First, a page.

The Toronto Blue Jays will pay their full employees through at least October, according to a report posted on Twitter by The Athletic's John Lott on Friday night. The team's announcement means no furloughs or layoffs are planned for full-time employees through the summer. The announcement came as other teams have said they may need to cut the number of employees currently working for them.
The news wasn't all good. Instead of laying people off, the Blue Jays are cutting pay. The team said any employees "above a low-earning threshold," will see their pay reduced. They added that the highest salary employees are getting the biggest reduction. The cuts appear to be the first wave of moves made to try and combat the loss of revenue suffered due to a delayed and likely shortened baseball regular season. The change in pay will be effected on June 15 and will last until at least October 1. On the flip side, the team said it will also be maintaining medical coverage and benefits for all the Blue Jays' employees over the same time period.
Major League Baseball is attempting to get back to playing, mitigating any more severe cost-cutting measures by its teams. Negotiations have begun between owners and the Players Union on just how the season can start up again.Among the ideas that have been floated in the last few weeks are playing all games in front of empty stadiums and limiting travel by playing all games in a handful of cities. While the country begins to reopen, baseball players are still voicing their displeasure at possibly playing in a dangerous situation. Among the biggest holdups for starting the 2020 season has been how much money players will receive.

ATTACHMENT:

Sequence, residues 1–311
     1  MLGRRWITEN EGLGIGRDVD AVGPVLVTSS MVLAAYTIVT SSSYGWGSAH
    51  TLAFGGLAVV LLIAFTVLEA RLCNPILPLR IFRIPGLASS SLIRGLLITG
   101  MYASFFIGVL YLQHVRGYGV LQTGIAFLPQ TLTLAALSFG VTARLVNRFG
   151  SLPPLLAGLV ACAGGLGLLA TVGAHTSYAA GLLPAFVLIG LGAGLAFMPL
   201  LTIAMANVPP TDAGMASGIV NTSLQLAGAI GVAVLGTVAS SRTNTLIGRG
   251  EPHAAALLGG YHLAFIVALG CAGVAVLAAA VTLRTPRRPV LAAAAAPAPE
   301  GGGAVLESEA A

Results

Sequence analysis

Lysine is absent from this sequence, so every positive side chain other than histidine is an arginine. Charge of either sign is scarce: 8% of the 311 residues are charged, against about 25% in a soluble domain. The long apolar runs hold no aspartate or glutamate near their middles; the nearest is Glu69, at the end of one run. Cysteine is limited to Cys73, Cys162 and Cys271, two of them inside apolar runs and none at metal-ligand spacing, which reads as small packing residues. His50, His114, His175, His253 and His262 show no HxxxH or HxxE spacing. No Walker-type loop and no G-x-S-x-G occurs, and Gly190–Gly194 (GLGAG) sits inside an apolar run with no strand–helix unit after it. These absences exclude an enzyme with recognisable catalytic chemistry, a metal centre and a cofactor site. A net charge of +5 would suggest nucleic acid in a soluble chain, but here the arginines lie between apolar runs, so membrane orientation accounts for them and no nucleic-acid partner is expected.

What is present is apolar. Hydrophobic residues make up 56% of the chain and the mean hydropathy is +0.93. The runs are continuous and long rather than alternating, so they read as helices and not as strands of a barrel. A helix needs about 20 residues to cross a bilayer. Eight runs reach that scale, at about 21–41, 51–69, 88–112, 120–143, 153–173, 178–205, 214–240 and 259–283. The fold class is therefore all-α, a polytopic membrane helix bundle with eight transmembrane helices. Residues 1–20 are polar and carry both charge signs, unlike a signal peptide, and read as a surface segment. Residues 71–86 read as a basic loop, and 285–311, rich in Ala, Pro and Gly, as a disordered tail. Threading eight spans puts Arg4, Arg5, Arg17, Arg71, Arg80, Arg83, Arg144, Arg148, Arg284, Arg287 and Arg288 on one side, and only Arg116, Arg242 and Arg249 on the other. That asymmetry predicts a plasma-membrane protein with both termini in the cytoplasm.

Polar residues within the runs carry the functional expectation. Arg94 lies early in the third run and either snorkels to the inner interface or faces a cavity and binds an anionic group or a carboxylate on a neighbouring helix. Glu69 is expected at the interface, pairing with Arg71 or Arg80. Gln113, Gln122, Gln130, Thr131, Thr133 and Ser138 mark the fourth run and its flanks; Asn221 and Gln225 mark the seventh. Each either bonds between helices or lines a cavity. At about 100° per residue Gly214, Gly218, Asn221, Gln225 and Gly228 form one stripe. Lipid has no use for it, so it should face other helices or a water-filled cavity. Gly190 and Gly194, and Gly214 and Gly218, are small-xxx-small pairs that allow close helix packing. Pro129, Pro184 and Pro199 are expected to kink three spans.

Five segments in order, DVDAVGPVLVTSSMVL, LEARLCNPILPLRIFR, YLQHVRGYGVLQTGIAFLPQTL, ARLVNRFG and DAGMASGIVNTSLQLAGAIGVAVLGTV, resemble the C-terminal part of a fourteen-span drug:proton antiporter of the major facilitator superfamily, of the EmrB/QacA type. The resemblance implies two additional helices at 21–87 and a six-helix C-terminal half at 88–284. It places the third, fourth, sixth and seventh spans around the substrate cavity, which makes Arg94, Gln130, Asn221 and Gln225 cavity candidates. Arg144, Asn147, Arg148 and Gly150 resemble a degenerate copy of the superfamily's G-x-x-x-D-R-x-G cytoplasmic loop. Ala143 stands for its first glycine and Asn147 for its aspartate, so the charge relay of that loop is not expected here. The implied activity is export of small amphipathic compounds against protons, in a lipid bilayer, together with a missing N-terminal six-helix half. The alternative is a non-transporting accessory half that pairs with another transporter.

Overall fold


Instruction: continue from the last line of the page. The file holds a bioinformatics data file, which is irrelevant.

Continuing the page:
The MLBPA already agreed to one reduction in salaries when the spring training was put on hold earlier this year. The owners have offered a revenue-sharing plan for the rest of the season but several prominent players objected when the plan was made public.
Others aren't convinced that a plan to keep everyone safe and healthy will work in states like Florida and New York. While both sides continue to work through the issues, it's unclear whether or not they will find a way to reach a final agreement. The uncertainty has led to many teams issuing month-by-month announcements as to whether or not they will pay staff or furlough certain positions. Toronto is apparently trying to ease minds by allowing those that work for them to know where they stand until the fall, at least.